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Freud makes a 1/16” RO with bearing, I have one that I use often.

in your situation, I would skip the router and use either a block plane to chamfer the edge or run the stock between a fence and the spindle on a spindle sander. Both are fast, stone simple, safe, and easy.

in practical terms, the radius is so darn small that a chamfer is virtually the same.
 

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I want to round edges of 3/16" thick baltic birch. This would mean finding a 3/32" radius roundover bit. This will also need a super small bearing OR a thicker pieces to guide it with cut to fit. A guide piece to use over and over is not a problem. But I still need the crazy-small radius.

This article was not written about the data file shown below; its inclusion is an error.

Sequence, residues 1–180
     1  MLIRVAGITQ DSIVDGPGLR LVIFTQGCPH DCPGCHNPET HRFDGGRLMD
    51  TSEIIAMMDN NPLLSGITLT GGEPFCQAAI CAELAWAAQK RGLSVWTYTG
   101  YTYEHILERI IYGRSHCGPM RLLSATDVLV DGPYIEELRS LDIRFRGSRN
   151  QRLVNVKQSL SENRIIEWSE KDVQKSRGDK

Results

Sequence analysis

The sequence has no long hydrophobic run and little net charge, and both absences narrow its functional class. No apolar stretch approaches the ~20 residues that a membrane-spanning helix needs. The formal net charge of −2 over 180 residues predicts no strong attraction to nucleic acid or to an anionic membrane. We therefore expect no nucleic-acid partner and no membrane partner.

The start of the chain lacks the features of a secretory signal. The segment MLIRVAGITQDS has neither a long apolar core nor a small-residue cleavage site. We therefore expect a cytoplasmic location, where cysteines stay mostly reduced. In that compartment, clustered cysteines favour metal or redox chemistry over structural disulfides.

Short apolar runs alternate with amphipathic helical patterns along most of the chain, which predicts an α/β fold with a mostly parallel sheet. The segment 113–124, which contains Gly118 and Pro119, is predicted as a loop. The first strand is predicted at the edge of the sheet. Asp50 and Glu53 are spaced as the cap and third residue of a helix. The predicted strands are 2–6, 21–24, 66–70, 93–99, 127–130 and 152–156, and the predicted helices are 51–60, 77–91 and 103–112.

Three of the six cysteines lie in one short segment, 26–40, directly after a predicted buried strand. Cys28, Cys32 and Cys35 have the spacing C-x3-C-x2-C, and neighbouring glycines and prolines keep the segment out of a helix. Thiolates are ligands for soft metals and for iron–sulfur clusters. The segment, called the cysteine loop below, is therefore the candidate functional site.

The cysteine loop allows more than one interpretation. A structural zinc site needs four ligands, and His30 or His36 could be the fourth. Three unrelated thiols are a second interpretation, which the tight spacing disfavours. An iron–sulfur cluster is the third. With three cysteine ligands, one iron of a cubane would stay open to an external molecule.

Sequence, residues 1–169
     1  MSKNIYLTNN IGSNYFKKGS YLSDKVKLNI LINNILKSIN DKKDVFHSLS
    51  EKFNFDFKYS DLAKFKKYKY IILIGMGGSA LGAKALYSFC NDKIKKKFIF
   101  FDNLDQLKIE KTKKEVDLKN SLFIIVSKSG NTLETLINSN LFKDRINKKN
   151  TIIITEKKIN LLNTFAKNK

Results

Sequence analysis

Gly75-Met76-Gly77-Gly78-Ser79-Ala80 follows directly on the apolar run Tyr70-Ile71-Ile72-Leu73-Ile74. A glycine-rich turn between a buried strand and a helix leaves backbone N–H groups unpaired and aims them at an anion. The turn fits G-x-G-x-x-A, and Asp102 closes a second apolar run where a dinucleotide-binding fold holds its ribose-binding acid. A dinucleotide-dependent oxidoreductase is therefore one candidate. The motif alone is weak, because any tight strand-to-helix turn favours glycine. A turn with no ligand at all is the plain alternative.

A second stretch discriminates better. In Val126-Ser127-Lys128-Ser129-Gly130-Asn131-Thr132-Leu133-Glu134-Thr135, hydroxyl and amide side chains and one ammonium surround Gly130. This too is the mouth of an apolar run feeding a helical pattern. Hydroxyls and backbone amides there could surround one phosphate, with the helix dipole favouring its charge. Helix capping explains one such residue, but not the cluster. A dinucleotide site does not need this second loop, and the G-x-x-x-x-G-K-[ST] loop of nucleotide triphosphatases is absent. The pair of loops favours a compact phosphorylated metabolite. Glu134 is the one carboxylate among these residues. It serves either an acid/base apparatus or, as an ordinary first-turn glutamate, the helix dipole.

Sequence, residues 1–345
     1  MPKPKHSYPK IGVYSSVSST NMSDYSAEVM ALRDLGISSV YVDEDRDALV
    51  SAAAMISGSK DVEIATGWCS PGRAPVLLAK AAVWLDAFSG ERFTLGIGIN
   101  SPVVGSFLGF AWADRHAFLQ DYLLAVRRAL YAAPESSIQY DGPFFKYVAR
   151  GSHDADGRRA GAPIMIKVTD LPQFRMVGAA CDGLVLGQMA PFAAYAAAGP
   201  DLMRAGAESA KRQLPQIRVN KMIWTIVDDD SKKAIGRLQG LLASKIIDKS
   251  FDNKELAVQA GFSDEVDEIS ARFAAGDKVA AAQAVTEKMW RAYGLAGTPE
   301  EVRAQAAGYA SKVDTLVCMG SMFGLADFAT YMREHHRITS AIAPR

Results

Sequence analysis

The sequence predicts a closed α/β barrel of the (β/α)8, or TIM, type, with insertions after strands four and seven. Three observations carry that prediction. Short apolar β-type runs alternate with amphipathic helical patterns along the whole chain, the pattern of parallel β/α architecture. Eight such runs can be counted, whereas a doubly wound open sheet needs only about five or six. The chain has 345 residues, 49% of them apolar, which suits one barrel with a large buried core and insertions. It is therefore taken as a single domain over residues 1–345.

This is for results that have far too many edges to do by hand (100s of inches per finished product).

Is there any way to devise a table router that could work here? Might require a jig, there might be such a product out there (though I've tried to search), or it might just be impossible.

Chamfering both sides and then milling off the sharp end could work but that's three operations instead of two and wouldn't feel right.
If you have to round straight pieces my suggestion is to mount a small round bit like 1/8 in radius and offset the router table fence for the difference you need. A slightly sanding afterwards and voilà, you have a near perfect smaller radius... I use that procedure to make 4 or 5 mm radius idling my 1/4 in radius bit.

The error will be imperceptible.

Regards,
 
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